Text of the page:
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Capital controls and foreign exchange policy

  • Fratzscher, Marcel

The empirical analysis of the paper suggests that an FX policy objective and concerns about an overheating of the domestic economy have been the two main motives for the (re-)introduction and persistence of capital controls over the past decade. Capital controls are strongly associated with countries having significantly undervalued exchange rates. Capital controls also appear to be less motivated by worries about financial market volatility or fickle capital flows per se, but rather by concerns about capital inflows triggering an overheating of the economy – in the form of high credit growth, rising inflation and output volatility. Moreover, countries with a high level of capital controls, and those actively implementing controls, tend to be those that have fixed exchange rate regimes, a non-IT monetary policy regime and shallow financial markets. This evidence is consistent with capital controls being used, at least in part, to compensate for the absence of autonomous macroeconomic and prudential policies and effective adjustment mechanisms for dealing with capital flows. JEL Classification: F30, F31

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Paper provided by European Central Bank in its series Working Paper Series with number 1415.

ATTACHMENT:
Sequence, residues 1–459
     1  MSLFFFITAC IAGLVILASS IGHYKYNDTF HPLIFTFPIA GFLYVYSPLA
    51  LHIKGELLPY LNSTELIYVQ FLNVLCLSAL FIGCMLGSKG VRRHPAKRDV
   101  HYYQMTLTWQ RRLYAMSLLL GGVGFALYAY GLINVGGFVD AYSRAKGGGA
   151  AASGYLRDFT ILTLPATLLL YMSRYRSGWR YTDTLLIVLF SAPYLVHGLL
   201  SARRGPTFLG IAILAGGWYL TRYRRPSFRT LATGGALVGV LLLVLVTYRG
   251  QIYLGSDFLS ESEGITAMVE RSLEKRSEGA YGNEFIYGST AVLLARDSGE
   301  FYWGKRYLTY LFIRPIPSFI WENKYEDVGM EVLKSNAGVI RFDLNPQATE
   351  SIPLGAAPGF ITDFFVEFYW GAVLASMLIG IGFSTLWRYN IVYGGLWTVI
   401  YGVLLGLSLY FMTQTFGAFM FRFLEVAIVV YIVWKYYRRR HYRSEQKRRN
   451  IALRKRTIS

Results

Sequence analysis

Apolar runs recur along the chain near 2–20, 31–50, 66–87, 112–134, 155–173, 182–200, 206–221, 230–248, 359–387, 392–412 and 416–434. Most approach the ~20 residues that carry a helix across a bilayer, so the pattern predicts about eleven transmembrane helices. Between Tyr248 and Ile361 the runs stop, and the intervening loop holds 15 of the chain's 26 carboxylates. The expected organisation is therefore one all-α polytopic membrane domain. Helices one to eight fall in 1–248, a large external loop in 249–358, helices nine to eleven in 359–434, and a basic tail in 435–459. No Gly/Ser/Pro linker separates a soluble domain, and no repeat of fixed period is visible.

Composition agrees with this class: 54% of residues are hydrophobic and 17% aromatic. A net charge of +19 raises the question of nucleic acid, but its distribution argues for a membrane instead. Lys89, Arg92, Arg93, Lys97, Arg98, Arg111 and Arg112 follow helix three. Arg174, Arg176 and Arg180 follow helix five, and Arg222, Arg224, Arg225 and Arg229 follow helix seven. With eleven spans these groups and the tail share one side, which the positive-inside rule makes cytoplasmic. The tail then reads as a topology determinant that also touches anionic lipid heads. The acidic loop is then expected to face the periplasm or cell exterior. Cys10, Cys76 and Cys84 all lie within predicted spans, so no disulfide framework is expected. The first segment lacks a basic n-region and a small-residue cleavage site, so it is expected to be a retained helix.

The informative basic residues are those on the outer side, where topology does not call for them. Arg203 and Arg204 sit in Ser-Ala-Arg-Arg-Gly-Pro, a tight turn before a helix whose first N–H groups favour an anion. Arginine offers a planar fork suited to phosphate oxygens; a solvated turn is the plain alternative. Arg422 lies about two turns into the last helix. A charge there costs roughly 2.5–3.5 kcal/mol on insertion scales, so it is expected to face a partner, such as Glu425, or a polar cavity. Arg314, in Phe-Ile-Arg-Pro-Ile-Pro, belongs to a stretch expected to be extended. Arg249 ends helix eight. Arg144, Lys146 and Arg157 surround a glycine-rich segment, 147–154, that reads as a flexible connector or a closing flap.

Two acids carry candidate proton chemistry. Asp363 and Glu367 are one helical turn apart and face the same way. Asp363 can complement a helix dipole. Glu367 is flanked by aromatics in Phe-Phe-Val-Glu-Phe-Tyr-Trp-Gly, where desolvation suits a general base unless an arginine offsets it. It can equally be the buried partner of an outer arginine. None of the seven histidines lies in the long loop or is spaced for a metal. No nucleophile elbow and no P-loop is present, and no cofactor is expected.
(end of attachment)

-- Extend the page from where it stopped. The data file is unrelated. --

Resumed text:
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Date of creation: Feb 2012
Date of revision:
Handle: RePEc:ecb:ecbwps:20121415
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  12. Kristin J. Forbes, 2007. "The Microeconomic Evidence on Capital Controls: No Free Lunch," NBER Chapters, in: Capital Controls and Capital Flows in Emerging Economies: Policies, Practices and Consequences, pages 171-202 National Bureau of Economic Research, Inc.
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  24. Jonathan David Ostry & Atish R. Ghosh & Karl Friedrich Habermeier & Marcos Chamon & Mahvash Saeed Qureshi & Dennis B. S. Reinhardt, 2010. "Capital Inflows: The Role of Controls," IMF Staff Position Notes 2010/04, International Monetary Fund.
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